When I pulled into the church parking lot, I had a crazy thought. I wondered what the heck I’m doing here. Maybe just a touch of stage fright. I got invited to come talk to the Senior group at Bethesda Baptist Church about plants.

My long-time friends Ronnie and Sonia are members of this church. They call themselves the Silver Liners and they meet once a month for supper and some type of program. They take turns looking for unsuspecting victims who will come and talk about something useful to make the evening interesting.

Sonia messaged me.

“We’re in charge of the program this month and since it’s spring, I wondered if you would come and talk about plants and maybe answer questions?”

I didn’t need to think about it. “Sure,” I said.

“Can you bring your guitar? They like to sing.”

So, this is not just about plants.

“And can you bring your book and share one of your stories with us?”

This is really not just about plants.

“Maybe we could give away a couple of your books for door prizes.”

I have done a lot of plant programs over the years for garden clubs or down at the local library. I’m comfortable with that idea. I can talk shop on woody plants blindfolded with both hands tied behind my back. But you add a guitar and a book to the dog and pony show and I’m in uncharted territory.

Being here means I’m missing the men’s group that I usually go to on Tuesday evenings, so I texted a few of them to say that I wouldn’t make it and why. They were so supportive.

“So, you’ve got a gig.”

“The Georgia Bred World Tour begins.”

“Can I be your driver?”

They’re hilarious.

Sonia and Ronnie met me in the parking lot. Hugs and handshakes were passed back and forth. They helped me carry my stuff inside the building. I looked like a traveling gypsy.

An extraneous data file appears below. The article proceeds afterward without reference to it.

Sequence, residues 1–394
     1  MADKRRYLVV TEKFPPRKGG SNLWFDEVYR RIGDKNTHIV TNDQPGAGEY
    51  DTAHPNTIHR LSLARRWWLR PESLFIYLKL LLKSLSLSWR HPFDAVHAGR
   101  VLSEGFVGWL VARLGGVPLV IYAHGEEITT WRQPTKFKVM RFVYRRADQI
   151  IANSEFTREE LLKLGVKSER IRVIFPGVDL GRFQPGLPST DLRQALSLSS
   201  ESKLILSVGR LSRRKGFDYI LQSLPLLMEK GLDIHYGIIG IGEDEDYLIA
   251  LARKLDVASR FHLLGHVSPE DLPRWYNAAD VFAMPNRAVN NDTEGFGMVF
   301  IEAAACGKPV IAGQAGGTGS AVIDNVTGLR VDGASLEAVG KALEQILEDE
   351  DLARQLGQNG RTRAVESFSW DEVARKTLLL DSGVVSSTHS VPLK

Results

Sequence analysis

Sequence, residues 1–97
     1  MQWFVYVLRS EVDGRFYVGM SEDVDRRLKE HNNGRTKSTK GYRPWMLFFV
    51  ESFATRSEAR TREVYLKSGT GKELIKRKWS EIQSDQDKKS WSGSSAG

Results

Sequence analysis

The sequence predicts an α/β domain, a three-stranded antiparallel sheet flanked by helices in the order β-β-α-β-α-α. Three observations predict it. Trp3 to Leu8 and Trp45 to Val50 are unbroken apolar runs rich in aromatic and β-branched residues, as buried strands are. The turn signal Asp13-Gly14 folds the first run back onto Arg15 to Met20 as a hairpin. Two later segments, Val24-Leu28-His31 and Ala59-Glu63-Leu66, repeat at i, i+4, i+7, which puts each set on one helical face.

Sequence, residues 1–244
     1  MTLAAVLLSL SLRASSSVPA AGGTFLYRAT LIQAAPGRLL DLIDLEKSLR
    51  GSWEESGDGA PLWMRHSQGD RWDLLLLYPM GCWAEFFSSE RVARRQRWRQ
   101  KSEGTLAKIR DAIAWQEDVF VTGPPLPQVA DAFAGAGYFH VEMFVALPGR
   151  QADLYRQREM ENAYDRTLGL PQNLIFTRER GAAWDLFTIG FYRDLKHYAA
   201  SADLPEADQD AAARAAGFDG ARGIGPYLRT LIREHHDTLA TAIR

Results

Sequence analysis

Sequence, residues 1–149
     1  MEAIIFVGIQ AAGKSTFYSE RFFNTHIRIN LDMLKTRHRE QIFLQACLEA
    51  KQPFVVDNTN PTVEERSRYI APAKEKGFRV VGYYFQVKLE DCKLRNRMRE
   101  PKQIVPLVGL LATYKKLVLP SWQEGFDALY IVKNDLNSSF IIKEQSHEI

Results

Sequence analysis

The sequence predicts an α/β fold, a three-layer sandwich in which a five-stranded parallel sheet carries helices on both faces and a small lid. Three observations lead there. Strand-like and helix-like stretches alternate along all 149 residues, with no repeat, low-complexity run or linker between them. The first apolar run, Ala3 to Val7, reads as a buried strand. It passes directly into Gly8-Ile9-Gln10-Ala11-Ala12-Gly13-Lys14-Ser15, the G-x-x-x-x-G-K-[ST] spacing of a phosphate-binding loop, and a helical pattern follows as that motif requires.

Inside the fellowship hall, it was obvious that the main attraction for the evening was the meal. Whatever disagreements us protestants may have over matters of doctrine, we are in agreement on the finer points of the church pot-luck. There must have been fifteen tables set up with spring-colored tablecloths and mason jars with fresh cut flowers.

“How many folks you expect here tonight,” I asked. I had in my head maybe 30 people.

Sonia said, “We usually have about 50 to 60 show up.”

That’s a lot of faces looking back at some tree farmer with a guitar in his hands.

The crowd started to flow in around 6:15. There were several folks I knew. A lady from my old Callaway days who worked in purchasing. Her husband used to be the Horticulture teacher at the high school.

I saw another man I recognized but couldn’t place. He said he thought he recognized me. It took a while, but we finally connected the dots.

One gal looked “oddly” familiar. The minute she talked and the way she waved her hands, I knew exactly why I thought I knew her. She’s the sister of a good friend in Pine Mountain.

Then there was my Post Office buddy. Miss Gail Shepherd taught my kids in high school. She is a about 5 foot 2 and loaded with enough energy to run Hoover Dam. About every third time I go to the Post Office we run into each other and visit. Her husband Mr. Ray Shepherd was there, too. He has two degrees in forestry management and has probably forgotten more about trees than I’ll ever know.